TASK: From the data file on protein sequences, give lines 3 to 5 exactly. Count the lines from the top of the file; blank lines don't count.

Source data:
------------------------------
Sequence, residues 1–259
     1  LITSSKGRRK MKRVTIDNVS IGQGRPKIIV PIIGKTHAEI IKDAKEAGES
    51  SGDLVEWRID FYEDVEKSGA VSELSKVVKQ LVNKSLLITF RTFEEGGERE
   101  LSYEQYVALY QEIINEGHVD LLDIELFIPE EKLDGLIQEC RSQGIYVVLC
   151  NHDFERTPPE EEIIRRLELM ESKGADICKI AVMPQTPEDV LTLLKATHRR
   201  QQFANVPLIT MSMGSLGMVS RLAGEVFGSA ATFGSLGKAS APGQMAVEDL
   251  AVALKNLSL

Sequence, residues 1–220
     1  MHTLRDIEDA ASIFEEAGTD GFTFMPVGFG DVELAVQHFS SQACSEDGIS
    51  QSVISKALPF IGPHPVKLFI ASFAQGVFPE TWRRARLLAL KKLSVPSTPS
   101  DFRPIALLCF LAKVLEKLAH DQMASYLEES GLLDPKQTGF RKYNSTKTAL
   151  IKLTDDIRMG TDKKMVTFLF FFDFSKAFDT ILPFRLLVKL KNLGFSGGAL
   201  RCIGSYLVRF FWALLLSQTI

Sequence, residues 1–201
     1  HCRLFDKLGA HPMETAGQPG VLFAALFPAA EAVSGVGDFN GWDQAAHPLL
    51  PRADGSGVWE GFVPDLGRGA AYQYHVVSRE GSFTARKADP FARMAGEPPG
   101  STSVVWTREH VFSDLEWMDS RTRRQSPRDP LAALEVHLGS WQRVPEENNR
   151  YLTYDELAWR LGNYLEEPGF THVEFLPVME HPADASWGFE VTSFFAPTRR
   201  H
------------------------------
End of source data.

    51  SGDLVEWRID FYEDVEKSGA VSELSKVVKQ LVNKSLLITF RTFEEGGERE
   101  LSYEQYVALY QEIINEGHVD LLDIELFIPE EKLDGLIQEC RSQGIYVVLC
   151  NHDFERTPPE EEIIRRLELM ESKGADICKI AVMPQTPEDV LTLLKATHRR